where ρ>0 represents the penalty parameter, which is related to the convergence speed of ADMM algorithm. β is the vector form of the Lagrange multipliers.
The ADMM algorithm in scaled form consists of the following iterations regarding to the primal variables and Lagrange multipliers:
where i denotes the index of iteration.
Next, based on the analysis of optimality conditions [31], the primal residual is expressed as:
and the dual residual is expressed as:
Therefore, the reasonable termination criteria satisfies:
where ε^{pri}>0 and ε^{dual}>0 denote feasibility tolerances with respect to primal conditions and dual conditions. Consequently, the ADMMbased power allocation algorithm is summarized in Algorithm 1.
3.4 Performance analysis
In this subsection, we analyze the performance of Lyapunov optimization algorithm and ADMM algorithm, respectively.
3.4.1 Performance of Lyapunov optimization algorithm
Due to the fact that all physical quantities cannot be infinitely large in the practical network, we consider that the arrival rate, transmission rate, power consumption, and satisfaction of D2D pairs are all bounded, i.e., \(\mathbb {E}\{A_{m}(t)\}\le \theta, \mathbb {E}\{D_{m}(t)\}\le \theta \), \(\mathbb {E}\{p_{m}(t)\}\le \theta \), \(S_{min} \le \mathbb {E}\{S_{m} (A_{m}(t))\}\le S_{max}\), where θ, S_{min} and S_{max} are finite nonnegative constants.
Assume that there is at least one feasible solution to problem P1 which satisfies constraints C_{1}∼C_{5} and the bounded values mentioned above. For arbitrary small positive real number ε and ζ, the following expressions hold [32]:
where \(A^{*}_{m}(t), D^{*}_{m}(t), p^{*}_{m}(t)\), and \(S^{*}_{m} (A^{*}_{m}(t))\) are the corresponding resulting values, and S_{opt} denotes the theoretical optimal value.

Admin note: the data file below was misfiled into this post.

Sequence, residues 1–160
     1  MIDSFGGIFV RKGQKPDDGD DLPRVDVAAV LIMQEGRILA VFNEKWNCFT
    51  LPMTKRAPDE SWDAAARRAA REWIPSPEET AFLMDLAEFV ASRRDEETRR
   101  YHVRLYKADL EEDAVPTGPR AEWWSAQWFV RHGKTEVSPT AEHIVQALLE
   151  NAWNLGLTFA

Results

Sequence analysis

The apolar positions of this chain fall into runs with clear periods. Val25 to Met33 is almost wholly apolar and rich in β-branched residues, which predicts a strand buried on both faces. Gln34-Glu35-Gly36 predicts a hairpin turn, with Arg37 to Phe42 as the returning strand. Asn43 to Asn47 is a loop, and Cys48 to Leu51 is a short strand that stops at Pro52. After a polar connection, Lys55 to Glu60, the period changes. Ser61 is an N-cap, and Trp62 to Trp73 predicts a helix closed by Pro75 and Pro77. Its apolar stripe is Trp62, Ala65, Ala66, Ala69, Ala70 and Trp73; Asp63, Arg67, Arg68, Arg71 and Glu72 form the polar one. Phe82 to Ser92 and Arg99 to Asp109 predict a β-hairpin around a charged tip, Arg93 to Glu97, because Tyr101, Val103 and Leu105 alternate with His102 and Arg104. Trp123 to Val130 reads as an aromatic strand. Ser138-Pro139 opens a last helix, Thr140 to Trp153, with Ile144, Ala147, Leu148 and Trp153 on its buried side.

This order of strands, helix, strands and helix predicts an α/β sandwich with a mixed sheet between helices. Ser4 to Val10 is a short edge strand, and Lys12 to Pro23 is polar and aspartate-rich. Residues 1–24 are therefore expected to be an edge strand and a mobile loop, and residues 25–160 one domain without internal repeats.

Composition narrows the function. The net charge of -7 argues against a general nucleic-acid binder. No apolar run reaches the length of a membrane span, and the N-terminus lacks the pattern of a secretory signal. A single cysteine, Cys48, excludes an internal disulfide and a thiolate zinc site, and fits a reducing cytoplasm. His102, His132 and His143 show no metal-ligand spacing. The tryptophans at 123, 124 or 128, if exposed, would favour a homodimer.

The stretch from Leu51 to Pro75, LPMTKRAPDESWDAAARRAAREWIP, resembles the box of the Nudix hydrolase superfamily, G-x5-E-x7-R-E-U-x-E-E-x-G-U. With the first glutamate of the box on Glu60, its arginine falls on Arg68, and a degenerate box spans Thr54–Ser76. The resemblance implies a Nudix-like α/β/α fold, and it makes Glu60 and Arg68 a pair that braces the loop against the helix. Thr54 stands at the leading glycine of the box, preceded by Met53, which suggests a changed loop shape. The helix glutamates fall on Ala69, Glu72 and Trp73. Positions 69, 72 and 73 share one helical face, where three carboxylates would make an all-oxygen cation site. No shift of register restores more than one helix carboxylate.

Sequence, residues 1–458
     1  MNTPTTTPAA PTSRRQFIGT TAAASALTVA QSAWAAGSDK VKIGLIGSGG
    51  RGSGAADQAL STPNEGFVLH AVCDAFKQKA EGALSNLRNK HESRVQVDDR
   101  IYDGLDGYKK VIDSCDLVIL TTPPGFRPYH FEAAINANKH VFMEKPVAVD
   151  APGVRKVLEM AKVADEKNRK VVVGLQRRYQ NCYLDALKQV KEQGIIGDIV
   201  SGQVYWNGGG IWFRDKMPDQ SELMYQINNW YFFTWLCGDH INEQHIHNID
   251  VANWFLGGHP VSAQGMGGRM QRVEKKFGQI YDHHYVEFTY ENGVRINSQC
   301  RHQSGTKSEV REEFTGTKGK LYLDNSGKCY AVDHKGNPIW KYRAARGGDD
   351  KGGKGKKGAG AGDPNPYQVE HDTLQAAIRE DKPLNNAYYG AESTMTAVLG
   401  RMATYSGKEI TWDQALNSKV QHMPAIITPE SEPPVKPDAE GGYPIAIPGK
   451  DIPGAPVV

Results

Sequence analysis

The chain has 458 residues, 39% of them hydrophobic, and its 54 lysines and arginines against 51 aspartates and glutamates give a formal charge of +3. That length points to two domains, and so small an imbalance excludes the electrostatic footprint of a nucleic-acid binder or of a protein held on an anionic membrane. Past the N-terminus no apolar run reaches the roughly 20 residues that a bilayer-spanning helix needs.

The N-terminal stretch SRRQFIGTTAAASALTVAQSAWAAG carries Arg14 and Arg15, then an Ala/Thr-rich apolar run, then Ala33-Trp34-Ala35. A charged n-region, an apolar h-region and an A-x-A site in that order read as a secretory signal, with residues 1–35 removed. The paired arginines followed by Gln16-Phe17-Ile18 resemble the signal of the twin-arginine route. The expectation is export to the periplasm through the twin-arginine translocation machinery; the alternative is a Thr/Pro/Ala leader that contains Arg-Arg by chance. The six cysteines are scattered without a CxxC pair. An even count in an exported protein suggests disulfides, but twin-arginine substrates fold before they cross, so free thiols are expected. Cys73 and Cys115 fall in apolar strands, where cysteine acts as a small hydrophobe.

Theorem 3
Suppose that the problem P1 is feasible, h_{m}(t) is i.i.d. with slotted time, and that \(\mathbb {E} \{{L(\Theta (0))}\}<\infty \). For arbitrary V≥0, the following properties corresponding to the proposed algorithm hold:

1.
Q_{m}(t) and Z_{m}(t) are mean rate stable, which guarantee the constraint C_{6}.

2.
The timeaverage satisfaction of D2D pairs satisfies:
$$\begin{array}{*{20}l} \underset{T \to \infty}{\lim} \frac{1}{T}\sum_{t =0}^{T1} \mathbb{E}\{S_{m} (A_{m}(t))\} \ge S_{opt}  \frac{C}{V} \end{array} $$(34) 
3.
The timeaverage queue length satisfies:
$$\begin{array}{*{20}l} \underset{T \to \infty}{\lim} \frac{1}{T}\sum_{t =0}^{T1} \sum_{m=1}^{M} \mathbb{E}\{Q_{m}(t)\} \le \frac{C+V(S_{max}S_{opt})}{\varepsilon} \end{array} $$(35)
Proof
The detailed proof can be found in Appendix 2. □
Based on the above analysis, we conclude that the proposed rate control and power allocation algorithm can satisfy the queue stability constraint and achieve the tradeoff between network delay and satisfaction of D2D pairs by adjusting parameter V.
3.4.2 Convergence of ADMM algorithm
The objective function of P5 is closed, proper, and convex, and the Lagrangian L_{0}(x,z,β) has a saddle point. Thus, the iterations satisfy the following convergence properties.